If you’ve ever complained of muscle cramps you may have been told to eat a banana.  That’s because banana’s are a great source of potassium.  Among other things, potassium helps your muscles contract, helps regulate fluids and mineral balance in and out of body cells and helps maintain normal blood pressure by blunting the effect of sodium.  And while cramping in athletes is often also due to a lack of sodium balance, potassium plays a very important role in our health overall.

According the latest report just released by the 2010 Dietary Guidelines Advisory Committee, most Americans are falling short of their daily potassium needs, which could have devastating effects on their blood pressure.  That is why the 2010 Dietary Guidelines for Americans encourage choosing foods that provide more potassium.

So how much do we actually need?

The recommended daily intake of potassium is different for adults than it is for children but still, both groups are coming up short. 

For adolescents and adults is 4,700 mg/day.

Children aged 9 to 13 years, 4,500 mg/day.

Children aged 4 to 8 years, 3,800 mg/day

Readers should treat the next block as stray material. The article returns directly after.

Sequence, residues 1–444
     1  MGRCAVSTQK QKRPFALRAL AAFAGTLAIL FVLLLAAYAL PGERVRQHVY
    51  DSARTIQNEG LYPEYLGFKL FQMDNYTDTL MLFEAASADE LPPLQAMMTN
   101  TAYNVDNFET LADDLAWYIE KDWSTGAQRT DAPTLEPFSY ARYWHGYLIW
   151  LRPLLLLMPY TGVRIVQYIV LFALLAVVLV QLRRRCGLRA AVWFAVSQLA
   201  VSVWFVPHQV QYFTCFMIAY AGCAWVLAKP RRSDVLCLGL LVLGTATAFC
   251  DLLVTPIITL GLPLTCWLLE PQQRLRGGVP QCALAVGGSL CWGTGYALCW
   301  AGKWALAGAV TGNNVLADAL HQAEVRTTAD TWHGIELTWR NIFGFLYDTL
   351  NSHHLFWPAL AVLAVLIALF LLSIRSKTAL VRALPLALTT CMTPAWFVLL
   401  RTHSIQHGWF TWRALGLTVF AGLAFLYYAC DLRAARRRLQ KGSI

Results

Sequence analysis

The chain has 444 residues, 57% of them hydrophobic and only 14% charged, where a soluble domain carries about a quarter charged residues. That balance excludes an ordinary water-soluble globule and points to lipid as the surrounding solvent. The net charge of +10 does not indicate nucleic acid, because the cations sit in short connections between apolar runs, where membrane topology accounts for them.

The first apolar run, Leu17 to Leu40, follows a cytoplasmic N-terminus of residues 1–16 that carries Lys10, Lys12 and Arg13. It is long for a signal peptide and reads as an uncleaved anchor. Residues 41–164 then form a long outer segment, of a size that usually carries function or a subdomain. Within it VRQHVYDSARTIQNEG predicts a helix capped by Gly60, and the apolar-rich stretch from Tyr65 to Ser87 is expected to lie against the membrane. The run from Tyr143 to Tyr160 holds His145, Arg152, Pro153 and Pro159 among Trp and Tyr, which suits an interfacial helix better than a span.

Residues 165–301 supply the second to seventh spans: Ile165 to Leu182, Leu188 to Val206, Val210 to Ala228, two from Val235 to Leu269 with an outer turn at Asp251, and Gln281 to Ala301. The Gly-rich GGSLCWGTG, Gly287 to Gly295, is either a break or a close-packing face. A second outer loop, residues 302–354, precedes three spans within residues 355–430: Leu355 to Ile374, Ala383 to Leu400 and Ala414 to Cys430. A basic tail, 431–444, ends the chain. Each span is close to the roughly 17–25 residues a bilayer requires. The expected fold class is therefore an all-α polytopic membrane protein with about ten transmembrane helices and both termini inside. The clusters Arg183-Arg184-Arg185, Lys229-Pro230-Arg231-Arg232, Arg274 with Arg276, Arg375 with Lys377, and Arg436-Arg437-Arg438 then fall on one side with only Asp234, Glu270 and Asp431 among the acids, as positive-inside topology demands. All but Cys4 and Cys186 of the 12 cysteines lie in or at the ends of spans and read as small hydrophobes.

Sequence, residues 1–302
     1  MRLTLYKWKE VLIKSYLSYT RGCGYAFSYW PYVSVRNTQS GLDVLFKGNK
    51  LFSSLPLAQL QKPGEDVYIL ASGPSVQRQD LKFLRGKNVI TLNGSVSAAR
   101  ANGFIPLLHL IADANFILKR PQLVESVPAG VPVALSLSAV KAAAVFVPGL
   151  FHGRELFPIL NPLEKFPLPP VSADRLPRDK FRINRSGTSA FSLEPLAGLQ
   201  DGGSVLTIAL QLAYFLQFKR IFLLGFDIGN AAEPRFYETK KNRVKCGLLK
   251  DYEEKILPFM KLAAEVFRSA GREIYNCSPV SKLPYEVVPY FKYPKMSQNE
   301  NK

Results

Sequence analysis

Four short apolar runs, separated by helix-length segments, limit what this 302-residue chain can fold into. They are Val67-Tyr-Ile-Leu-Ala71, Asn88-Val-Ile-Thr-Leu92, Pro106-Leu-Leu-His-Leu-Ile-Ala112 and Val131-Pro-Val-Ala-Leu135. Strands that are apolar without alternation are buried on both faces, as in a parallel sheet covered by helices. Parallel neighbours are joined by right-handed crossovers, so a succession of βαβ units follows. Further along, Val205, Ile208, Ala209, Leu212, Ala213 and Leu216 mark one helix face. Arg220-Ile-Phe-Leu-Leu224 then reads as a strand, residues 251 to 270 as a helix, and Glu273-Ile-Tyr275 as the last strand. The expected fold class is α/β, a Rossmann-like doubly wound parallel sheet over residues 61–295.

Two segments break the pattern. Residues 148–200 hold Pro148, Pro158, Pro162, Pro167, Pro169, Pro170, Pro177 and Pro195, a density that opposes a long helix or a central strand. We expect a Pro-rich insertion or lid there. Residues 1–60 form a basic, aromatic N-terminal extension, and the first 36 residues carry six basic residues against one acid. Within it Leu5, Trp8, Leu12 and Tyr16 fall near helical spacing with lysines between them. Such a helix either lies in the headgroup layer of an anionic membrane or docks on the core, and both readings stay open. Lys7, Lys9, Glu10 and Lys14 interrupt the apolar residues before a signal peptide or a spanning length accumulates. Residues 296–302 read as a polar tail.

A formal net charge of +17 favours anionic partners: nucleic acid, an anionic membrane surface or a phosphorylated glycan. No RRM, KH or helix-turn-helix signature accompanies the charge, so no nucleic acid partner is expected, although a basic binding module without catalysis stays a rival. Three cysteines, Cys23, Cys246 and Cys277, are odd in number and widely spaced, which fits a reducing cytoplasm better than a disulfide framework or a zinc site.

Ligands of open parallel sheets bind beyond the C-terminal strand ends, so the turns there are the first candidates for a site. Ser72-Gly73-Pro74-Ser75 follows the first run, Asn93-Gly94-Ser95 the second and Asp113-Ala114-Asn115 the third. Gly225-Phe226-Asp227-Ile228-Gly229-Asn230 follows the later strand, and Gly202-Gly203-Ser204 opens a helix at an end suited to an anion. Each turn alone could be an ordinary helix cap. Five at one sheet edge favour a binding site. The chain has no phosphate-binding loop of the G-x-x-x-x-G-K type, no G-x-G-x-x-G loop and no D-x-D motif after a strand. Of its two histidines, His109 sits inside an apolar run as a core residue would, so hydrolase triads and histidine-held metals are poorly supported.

Children aged 1 to 3 years, 3,000 mg/day

Lots of foods are loaded with potassium and meeting the 4,700 mg/day recommendation should not be hard. That is if you eat a variety of foods and colors each day.  Below are only a few foods that are packed full of potassium.

Potato, skin on, baked 738 mg
Nonfat yogurt, 1 cup, plain 579 mg
Baked potato, baked with skin 542 mg
Halibut, cooked, 3 ounces 490 mg
Winter Squash, ½ cup cooked 448 mg
Banana, 1 medium 422 mg
Spinach, ½ cup cooked 419 mg
Tomato sauce, ½ cup 405 mg
Pork chop, center loin, cooked, 3 oz 382 mg
Cantaloupe, ¼ each 368 mg
Milk, 1%, 1 cup 366 mg
Kidney beans, cooked, ½ cup 358 mg
Almonds, 1 ounce 201 mg

Incorporate some of these tips to make sure you’re getting all the potassium you need to keep your heartbeat regular, your muscles working properly, your blood pressure normal and to benefit your bone health.

  • Eat a variety of fruits and vegetables such as melons (cantaloupe, honeydew and watermelon), banana, sweet potatoes, baked potatoes
  • Consume an 8-ounce glass of milk or milk containing smoothie, shake or yogurt at least 3 times/day at breakfast, lunch, dinner or as snacks.
  • Eat at least one meal per day that includes either beans, legumes or peas
  • Include mushrooms, artichokes, squash or other hearty vegetable into casseroles or other mixed entrée
  • Add dried fruits and a handful of almonds or pistachio’s to yogurt
  • Add green leafy vegetables to your sandwich or wrap along with a spread of avocado
  • Add cooked spinach to a breakfast omelet and eat with ¼ melon
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